MZEMBI: Because we agreed in the Global Political Agreement that the land reform is fait accompli, there’s collusion and convergence by all the three political parties, in fact I urge you to read the GPA document itself. It doesn’t dispute the need for land reform. What it further wants to integrate is the productivity aspect. I can engage you on that very easily to interrogate scientific methods of ensuring food security in the country – starting and commencing with the land audit, a land audit that will bare everything for everyone to see who is owning more than one farm, who is not being productive, what kind of modelling should be put in place to ensure the timeous provision of inputs, crop finance, marketing, transportation of produce and so forth. That is the stage that we are in now, the scientific stage and that is the stage that we are riding on here in the United States and where we are going to say that we are appealing for support for our capacity utilisation programmes in agriculture, for our own productivity programmes in agriculture. We can’t be sucked into the debate prior to September 15 because September 15 concludes the land aspect through a provision that alludes to the need by all Zimbabweans to recognise that this is an irrevocable process. But going forward, how do we unlock value out of that land.
GONDA: And right now though, not going back as you said to the situation prior to September 2008 but as tourism minister, how do you intend to address the things that have caused our tourism statistics to plummet, such as the violence on white commercial farms without protection from the State?
MZEMBI: I don’t condone violence, in fact I’m a, I don’t condone violence at all, I’ve zero tolerance myself to violence. And if you recall, if you go back into the past in my constituency there was no violence at all in any campaign in the past and I’ve stood publicly against violence. I don’t condone it. I don’t think it’s a means to an end. But notwithstanding that, if there’s been issues around violence in the country on farms and in the political landscape this is why we have proffered and put ahead of us a national healing organ to bring to the fore those issues and to see how they can be resolved. But we have not proscribed how the national healing organ should work – we have simply deployed three ministers whom we have said they must go and suss out from the people of Zimbabwe how we must handle this issue of national healing and restoration and forgiveness and that is a work in progress right now.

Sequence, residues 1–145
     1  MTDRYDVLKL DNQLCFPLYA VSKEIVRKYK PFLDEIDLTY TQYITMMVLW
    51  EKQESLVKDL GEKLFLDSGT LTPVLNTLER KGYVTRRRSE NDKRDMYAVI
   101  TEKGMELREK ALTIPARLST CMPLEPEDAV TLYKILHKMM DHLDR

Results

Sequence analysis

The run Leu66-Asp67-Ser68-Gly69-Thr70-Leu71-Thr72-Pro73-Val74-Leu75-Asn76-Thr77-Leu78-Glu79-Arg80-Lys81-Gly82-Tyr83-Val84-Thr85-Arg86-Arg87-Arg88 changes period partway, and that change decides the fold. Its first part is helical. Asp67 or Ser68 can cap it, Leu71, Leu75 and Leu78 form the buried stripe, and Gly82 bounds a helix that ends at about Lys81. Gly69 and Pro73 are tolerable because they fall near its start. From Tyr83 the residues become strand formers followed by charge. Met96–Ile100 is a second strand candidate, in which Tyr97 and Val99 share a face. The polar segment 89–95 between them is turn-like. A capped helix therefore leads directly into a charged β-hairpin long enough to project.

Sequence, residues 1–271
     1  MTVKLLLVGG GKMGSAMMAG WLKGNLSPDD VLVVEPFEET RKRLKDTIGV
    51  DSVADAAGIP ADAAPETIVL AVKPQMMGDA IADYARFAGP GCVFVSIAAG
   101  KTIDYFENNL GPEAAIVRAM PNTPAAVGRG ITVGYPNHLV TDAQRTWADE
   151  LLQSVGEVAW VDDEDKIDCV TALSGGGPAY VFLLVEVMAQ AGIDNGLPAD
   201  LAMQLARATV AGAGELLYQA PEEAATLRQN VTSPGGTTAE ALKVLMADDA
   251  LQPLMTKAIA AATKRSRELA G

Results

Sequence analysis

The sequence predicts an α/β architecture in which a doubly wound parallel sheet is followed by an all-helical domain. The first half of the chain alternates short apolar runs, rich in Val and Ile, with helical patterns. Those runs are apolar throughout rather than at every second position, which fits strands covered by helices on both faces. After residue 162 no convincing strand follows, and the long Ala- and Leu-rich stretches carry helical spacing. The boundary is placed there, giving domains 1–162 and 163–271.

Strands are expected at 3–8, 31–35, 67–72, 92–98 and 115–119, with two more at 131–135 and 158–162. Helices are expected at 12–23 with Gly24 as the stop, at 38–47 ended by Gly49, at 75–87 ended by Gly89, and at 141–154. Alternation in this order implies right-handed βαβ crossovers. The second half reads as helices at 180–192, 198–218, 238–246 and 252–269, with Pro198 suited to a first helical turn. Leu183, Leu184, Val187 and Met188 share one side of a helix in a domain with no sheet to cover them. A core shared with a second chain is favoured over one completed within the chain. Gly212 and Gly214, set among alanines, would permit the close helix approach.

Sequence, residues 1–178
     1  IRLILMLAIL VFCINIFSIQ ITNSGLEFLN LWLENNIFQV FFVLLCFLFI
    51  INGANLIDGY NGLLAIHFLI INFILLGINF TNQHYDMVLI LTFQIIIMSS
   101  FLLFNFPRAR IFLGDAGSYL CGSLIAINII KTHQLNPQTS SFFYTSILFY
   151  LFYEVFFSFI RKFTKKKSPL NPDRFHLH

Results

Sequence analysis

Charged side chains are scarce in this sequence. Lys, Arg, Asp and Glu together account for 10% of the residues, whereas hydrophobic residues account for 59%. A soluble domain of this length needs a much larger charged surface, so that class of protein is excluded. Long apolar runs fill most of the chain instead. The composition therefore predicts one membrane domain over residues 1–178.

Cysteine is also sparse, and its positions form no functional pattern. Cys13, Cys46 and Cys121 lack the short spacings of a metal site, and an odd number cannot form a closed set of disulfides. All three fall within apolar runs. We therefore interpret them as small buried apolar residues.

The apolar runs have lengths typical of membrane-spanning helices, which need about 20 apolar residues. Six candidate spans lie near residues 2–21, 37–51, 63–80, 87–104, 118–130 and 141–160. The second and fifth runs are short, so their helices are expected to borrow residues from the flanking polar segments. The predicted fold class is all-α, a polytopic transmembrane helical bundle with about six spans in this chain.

GONDA: But why is the violence continuing?
MZEMBI: I’m not aware of where the violence is continuing. The Prime Minister here who is my head of my delegation was asked by various publics here on continued violence which was quoting even one of his own Ministers, Minister Sekai Holland, and he said he wasn’t aware of any escalation in violence. He was aware that we have residue elements within our society who continuously pop up here and there to regress the process of consolidating our, what we have set ahead of us as the targets for democratisation and stabilisation. And you can’t carry everyone 100% along with you. You have here and there people clinging on to the past and if that past is violence, you have a few people but the general momentum that pertains in the country is that of peace and stability and that is what we are marketing here and everyone agrees including Congressmen who have been to the country just as recently as last week, affirming that Zimbabwe is very peaceful.
We have less crime rate in the country, in Zimbabwe than even in South Africa which is hosting 2010 just next year. But the South Africans have taken a position and a resolve to say because they have a big showcase in soccer next year there are statistics that they should begin not to play too much rhetoric on in the national interest and quite simply, even ourselves we don’t have the violence that compares to the violence that you see in Iraq or in Afghanistan. So to that extent we must begin to manage our own political rhetoric, social rhetoric, economic rhetoric for the national interest.
GONDA: Now Mr Mzembi, the Zimbabwe Independent this week has a commentary saying that while you are travelling with the Prime Minister, the Lowveld conservancies are once again facing invasions and disruptions by thugs aligned to Zanu-PF and the paper went on to say, ‘Mzembi is unable to address this crisis because he is busy helping Tsvangirai claim that Zimbabwe is on the path of recovery. ’ How do you respond to that?
MZEMBI: In the first instance, my brief is very clear in the inclusive government. I am not the custodian of the environment and natural resources; it is under Minister Francis Nhema. I am responsible for the marketing of the product itself which is the wildlife on the conservancies and therefore those questions should be directed to the respectable Ministry and Minister to answer those issues because I’m away and I might not be aware of what is taking place. But I would not condone any type of disruption that will violate my product which I’m trying to market here and when I come back I will raise those issues with his Excellency and cabinet.
I can’t be sweating my back here to market a product that other people are undermining and I’ve been very upfront in the past on that.